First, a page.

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Publication numberUS2341429 A
Publication typeGrant
Publication dateFeb 8, 1944
Filing dateJul 19, 1940
Priority dateJul 19, 1940
Publication numberUS 2341429 A, US 2341429A, US-A-2341429, US2341429 A, US2341429A
InventorsHoward M Elsey
Original AssigneeWestinghouse Electric & Mfg Co
Export CitationBiBTeX, EndNote, RefMan
External Links: USPTO, USPTO Assignment, Espacenet
Method of reconditioning refrigerating apparatus and reclaiming refrigerant
US 2341429 A
Abstract  available in
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Claims  available in
Description  (OCR text may contain errors)

' Patented Feb. 8,1944

METHOD OF RECONDITIONING REFRIG- ERATING APPARATUS AND RECLAIDIING REFRIGERAN T v Howard M. Elsey, Oakmont, Pa., assignor to Westinghouse Electric 4; Manufacturing Company, East Pittsburgh, Pa., a corporation of Pennsylvanla Application July 19, 1940, Serial No. 346,278

3 Claims. (Cl. 62-170) My invention relates to a method of reconditioning the apparatus and reclaiming the refrigerant of a refrigerating system, particularly one comprising an enclosed motor-compressor unit and. in which the stator 01 the motor has been burned out.

When.the oilsoaked stator of a motor overheats in an atmosphere of a refrigerant such as dichlorodifluoromethane, a great variety of compounds are formed, which are likely to cause ultimate failure of the refrigerating system, The

cellulose insulation breaks down under the heat to yield water, methyl alcohol, acetone, tar and a number of gases such as carbon dioxide, carbon monoxide and methane. The oil reacts with the refrigerant, to form among other substances, hydrochloric acid gas and hydrogen fluoride gas, the acid gases combining with the water from the cellulose to form acid water solutions, which attack the metals of the system and quickly lead to valve failure, due to embrittlement .of the hardened steel plate.

According to one method that has been tried, the crankcase and housing of a motor-compressor unit, in which the stator failed, were cleaned mechanically and by washing with kerosene. The stator was replaced, and the refrigerant and oil were replaced with new material. then run and this "rinsing charge of refrigerant and oil was replaced with another charge of new material. This method, however, did not reduce the contamination to an amount considered sufllciently low for continued satisfactory operation.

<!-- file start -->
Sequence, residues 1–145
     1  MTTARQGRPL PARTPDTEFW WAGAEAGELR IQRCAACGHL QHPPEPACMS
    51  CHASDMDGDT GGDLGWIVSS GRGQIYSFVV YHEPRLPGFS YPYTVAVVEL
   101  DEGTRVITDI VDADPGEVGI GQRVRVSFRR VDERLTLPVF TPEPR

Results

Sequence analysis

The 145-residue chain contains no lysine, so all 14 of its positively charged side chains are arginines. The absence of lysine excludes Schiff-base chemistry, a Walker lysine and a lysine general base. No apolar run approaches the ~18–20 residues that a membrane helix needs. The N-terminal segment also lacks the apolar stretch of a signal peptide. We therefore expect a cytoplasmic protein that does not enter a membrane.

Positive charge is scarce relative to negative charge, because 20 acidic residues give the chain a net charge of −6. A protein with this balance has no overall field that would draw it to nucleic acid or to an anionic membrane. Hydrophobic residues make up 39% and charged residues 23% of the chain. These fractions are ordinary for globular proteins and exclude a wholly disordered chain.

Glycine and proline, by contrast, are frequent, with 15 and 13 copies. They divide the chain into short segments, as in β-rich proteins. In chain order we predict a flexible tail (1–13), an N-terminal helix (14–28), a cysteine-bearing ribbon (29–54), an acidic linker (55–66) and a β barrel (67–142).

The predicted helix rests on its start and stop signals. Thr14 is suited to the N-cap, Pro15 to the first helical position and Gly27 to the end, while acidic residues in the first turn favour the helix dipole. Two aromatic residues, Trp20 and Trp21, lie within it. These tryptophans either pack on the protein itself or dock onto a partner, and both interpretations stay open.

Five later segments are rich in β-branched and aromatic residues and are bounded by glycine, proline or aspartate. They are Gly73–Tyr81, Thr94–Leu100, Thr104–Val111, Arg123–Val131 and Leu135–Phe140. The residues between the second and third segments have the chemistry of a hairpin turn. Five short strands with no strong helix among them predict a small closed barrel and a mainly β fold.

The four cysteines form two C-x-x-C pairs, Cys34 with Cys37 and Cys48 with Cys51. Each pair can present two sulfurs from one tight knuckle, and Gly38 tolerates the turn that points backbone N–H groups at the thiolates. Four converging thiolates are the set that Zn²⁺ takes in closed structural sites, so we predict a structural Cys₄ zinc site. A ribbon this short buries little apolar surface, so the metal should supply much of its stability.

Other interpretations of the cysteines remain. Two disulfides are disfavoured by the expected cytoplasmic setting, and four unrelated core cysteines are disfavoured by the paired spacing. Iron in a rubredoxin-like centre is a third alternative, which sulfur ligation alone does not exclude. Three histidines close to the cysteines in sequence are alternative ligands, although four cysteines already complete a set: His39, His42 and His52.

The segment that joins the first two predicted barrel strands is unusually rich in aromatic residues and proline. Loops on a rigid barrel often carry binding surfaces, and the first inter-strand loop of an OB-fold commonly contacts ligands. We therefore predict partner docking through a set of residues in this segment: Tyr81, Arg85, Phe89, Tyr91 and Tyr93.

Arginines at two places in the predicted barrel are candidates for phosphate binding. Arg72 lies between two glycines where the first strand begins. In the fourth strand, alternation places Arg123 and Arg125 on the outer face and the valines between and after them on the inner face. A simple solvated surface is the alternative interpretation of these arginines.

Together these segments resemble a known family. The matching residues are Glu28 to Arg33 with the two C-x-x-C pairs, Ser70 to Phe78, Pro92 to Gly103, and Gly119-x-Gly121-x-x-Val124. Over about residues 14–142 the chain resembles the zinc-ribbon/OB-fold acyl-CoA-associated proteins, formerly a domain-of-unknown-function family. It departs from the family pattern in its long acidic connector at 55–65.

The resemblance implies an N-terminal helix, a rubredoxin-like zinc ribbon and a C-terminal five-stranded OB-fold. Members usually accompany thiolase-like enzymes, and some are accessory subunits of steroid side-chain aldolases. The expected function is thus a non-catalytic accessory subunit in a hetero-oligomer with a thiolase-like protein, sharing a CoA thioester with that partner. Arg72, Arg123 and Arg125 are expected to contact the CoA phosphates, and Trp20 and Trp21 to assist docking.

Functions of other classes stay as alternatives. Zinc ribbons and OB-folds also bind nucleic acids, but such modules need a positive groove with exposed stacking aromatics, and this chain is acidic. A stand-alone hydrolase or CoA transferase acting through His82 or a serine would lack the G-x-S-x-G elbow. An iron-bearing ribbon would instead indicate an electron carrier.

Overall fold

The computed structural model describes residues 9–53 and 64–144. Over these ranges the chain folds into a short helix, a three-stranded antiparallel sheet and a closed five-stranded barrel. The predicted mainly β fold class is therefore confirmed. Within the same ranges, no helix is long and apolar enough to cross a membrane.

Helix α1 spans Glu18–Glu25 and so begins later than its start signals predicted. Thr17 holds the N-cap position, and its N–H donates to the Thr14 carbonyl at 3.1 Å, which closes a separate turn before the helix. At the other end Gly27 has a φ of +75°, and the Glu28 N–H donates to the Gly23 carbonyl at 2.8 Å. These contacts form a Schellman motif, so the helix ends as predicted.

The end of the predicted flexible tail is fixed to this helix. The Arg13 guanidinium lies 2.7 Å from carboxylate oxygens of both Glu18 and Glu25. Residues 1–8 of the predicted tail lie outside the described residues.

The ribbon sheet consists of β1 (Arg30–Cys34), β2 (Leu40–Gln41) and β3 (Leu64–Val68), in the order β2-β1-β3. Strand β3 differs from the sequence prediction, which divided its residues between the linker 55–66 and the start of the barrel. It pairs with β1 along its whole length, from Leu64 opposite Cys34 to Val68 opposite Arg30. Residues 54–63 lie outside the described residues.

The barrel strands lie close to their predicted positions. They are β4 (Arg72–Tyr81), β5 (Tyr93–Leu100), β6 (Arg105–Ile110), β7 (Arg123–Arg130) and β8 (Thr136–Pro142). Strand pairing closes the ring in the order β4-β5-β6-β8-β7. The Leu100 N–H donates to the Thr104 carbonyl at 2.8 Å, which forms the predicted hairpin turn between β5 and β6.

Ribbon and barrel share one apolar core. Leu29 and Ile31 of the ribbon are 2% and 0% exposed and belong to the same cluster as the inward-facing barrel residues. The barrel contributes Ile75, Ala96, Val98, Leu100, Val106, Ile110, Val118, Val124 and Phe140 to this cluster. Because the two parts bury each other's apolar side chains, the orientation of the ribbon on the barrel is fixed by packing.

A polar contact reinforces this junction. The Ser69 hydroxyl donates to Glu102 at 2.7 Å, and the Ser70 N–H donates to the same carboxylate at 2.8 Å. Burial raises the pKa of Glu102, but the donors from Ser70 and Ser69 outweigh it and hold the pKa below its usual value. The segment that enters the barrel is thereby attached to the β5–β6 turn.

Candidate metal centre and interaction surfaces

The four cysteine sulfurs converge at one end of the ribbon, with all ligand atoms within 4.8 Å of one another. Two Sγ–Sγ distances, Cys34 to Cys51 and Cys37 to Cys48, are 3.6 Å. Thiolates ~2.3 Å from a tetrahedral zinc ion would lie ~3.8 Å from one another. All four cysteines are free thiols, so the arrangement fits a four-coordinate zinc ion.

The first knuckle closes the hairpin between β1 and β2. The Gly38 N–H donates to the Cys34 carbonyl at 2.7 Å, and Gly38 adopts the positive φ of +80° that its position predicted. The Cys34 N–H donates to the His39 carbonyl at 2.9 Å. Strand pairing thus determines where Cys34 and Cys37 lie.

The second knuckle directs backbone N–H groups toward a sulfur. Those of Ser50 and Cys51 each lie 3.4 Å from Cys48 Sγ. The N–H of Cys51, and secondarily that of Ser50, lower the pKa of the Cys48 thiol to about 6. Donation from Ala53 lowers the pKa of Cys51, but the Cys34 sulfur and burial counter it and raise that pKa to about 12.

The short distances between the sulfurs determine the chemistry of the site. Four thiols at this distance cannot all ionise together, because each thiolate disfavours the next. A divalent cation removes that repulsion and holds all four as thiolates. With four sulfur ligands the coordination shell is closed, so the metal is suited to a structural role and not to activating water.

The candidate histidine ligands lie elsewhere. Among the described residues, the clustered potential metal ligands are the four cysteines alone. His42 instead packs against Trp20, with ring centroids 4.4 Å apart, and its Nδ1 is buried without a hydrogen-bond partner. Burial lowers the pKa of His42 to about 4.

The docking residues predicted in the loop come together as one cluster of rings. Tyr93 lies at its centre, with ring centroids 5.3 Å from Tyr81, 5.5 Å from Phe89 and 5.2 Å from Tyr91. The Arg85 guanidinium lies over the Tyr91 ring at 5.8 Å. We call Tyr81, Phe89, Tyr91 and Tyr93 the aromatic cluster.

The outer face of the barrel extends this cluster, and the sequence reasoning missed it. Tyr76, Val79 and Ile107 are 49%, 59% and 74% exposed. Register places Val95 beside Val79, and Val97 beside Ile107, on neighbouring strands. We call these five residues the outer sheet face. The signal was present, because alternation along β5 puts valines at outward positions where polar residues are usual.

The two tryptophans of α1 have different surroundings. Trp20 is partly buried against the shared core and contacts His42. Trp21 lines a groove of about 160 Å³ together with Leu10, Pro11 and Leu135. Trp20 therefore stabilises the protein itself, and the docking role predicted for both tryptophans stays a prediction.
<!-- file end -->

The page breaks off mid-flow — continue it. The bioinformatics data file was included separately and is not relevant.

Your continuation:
' In accordance with my invention, the undesirable compounds are removed in the following manner: The motor-compressor unit is isolated from the remainder of the refrigerating system by closing its suction and discharge shut-off valves. The refrigerant is removed from the unit and the oil drained from the crankcase. The latter is then opened up, cleaned mechanically, and washed out with kerosene or other suitable solvent. If necessary, the stator of the motor is replaced. The refrigerant may be replaced by a fresh charge if it is considered necessary or desirable.

There is installed in the liquid line of the refrigerating system a device which may betermed a reclaimer and which comprises a container hav-- ing a mixture of absorbent and drying agent therein. Preferably a filter is also provided on the downstream side of the mixture. After the motor-compressor unit is' evacuated and the shut-ofi valves opened, the unit is operated to The unit was circulate refrigerant through the system Irr such circulation, the refrigerant, while in the liquid' statej' flows through the reclaimer in contact with theabsorbent andthe drying agent. The absorbent, which may be fullers earth, cocoanut charcoal, activated alumina, or silica gel, adsorbs and removes from circulation such compounds as the tars, carbon dioxide, carbon monoxide, acetone, and other deleterious substances. I prefer to use cocoanut charcoal for the absorbent. The drying agent, which may be calcium oxide, activated alumina, or other suitable agent, removes water and the acids, such as hydrogen chloride and hydrogen fluoride. I prefer to use calcium oxide for the drying agent. After a predetermined period of operation, such as 48 hours, the reclai'mer and the filter are removed from the refrigerating system.

As a further feature of my invention, the calcium oxide and the cocoanut charcoal are provided in relatively; small particles or granules and are thoroughly mixed with each other. The reaction of the acids and the water on the calcium oxide forms a powderous substance which tends to cake the calcium oxide. This tendency to cake is greatly reduced by mixing the charcoal therewith, since there is then less calcium oxide in a given space.

The above-recited and other objects are effected by my invention as will be apparent from the following description and claims taken in connection with the accompanying drawing forming a part of this application, in which: